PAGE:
"Y'all what a crazy night we've had!   My water broke a little after 7:00 and by the time we were on the road to Rex, my contractions were 3 minutes apart.  The baby was born at 8:24pm!  Very fast.  But the most amazing part is when they laid the baby on my belly, the doctor said, 'Well your boy is a girl!'  Yes, the ultrasound tech was wrong.  We have a baby girl!

Her name is Allyson Brindley Baker and she weighs 7lbs 15 oz and is 21 inches long.  Rob and I are still in a little bit of a state of shock that we have a baby girl.  Poor Bo is reeling from the news.  So we'll have lots of shopping to do to replace all of our blue stuff with pink!

We're all doing great and are very excited!"

In addition to being a cool kid, Bo is now a brother. A big brother. To a little sister.

I know how that is going to go, and I can't wait to see it.

Cade meelah foyle-ta row-ott!

Monday, January 17, 2011

Facts Of Olfaction

I should have known.....

Today, after I signed in at registration and before I walked down the hall to the waiting room in Radiology, I had to make a stop in the rest room. After all, I drank two 450ml bottles of contrast solution and then 24-30 ounces of water before the scan - all within a 90 minute time period. It's required by CT scan "law."

As I washed my hands, I smelled the scent of the soap. They haven't changed their soap supplier at the hospital since October 2008. The memories came right out of the recesses where they reside.

Enough so, when the nurse said to me, "We're going to put you through one more time for another picture," I tried to recall if I passed through the CT scanner the same amount of times today that I have in the past. What was the reason for the "one more picture?" Who knows? I'll know in a day or two. I'll get a call one way or the other.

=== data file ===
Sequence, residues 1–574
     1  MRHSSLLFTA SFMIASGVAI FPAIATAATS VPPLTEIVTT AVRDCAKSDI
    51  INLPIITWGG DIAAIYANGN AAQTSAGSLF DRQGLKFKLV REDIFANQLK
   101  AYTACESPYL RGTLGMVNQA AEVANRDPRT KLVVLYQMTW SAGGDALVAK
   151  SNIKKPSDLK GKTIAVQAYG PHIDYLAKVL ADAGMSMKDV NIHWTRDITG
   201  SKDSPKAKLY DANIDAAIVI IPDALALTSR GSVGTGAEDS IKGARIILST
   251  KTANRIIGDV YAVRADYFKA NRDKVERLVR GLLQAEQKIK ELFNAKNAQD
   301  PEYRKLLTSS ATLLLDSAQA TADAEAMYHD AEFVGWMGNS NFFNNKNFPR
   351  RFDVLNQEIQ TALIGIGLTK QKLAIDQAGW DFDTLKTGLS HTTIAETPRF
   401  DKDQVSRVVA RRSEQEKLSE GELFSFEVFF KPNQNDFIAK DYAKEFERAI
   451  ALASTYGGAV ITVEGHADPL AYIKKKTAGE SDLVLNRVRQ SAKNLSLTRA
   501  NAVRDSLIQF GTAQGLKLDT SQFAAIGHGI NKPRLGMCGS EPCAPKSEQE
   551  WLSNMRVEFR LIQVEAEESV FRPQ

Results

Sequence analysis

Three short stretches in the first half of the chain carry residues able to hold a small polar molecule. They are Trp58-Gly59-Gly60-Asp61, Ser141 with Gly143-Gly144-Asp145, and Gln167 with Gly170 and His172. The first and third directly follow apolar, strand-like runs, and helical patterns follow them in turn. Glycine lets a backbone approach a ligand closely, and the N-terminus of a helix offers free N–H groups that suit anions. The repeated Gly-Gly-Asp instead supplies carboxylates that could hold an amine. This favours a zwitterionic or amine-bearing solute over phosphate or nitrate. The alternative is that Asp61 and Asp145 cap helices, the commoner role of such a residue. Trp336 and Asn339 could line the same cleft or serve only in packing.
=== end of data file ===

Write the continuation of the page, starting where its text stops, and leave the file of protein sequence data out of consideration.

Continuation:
Pardon me for this, but it might have been because they were amused at my intestines today. I had some serious gas. No clue why. It could have been due to the contrast solution. Possible side effects from the the oral contrast may cause nausea, vomiting, diarrhea and/or abdominal cramping. 

I hope they got a picture of my good side.

Sunday, January 16, 2011


I heard a story today from another person currently receiving treatments for cancer.

He is part of a male quartet and one day when he was receiving chemo, the other 3 guys in his quartet showed up and presented a mini-concert to the other patients in the room. One of those patients was another gentleman who apparently had been having a tough time emotionally with his diagnosis and treatment to the point of being known as a pretty cranky patient. Never having good things to say about anything.

The day after the "concert," the person who told me the story was back in the clinic for follow up. While there, one of the nurses told him about the cranky gentleman and that he asked after the quartet had finished, " I saw 4 guys singing, but I only saw 3 of them walk out of the room. Where did the 4th guy go?" The nurse responded, "He's sitting over there in that chair receiving treatment."

The nurse related to the person telling me the story that upon her response to the cranky guy, she could see a look come over his face as if to realize that maybe he didn't have to be cranky all the time. Maybe, there are good things to come from a diagnosis and treatment that crankiness can obscure from view.

Not to say a cancer patient can't be cranky. I had my share of it. I talk about it in earlier posts. However, if the patient had a cranky doctor or nurse, they would ask to switch. Doctors and nurses don't have that luxury. Yet, to a person, all of the doctors and nurses that I talked to would say, "It's because of the patients that come to us with an overall good outlook that keep me in my job. Otherwise, I'd see no reason to stick around."

Good stuff.

Up next for me....Banana Smoothie for breakfast tomorrow. 6 month CT scan to follow at 8AM. Results a few days later. Seriously, I have no anxiety about it.

And also with you.

Saturday, January 15, 2011

Looking Back To Look Forward (or "Woulda, Coulda, Shoulda")

I've started to read "The Emperor of All Maladies" as it was a Christmas gift. It looks to be an interesting read. One that I will read in short spurts as it contains multiple segments of information that I do not want to rush through.

One thing the author states early on is the tendency of patients in the past to keep private with their diagnosis and illness. It is based on behavior from thousands of years ago when cancer was an unknown affliction, without treatment, and those who were affected by it endured it in silence. It became a part of the human habit.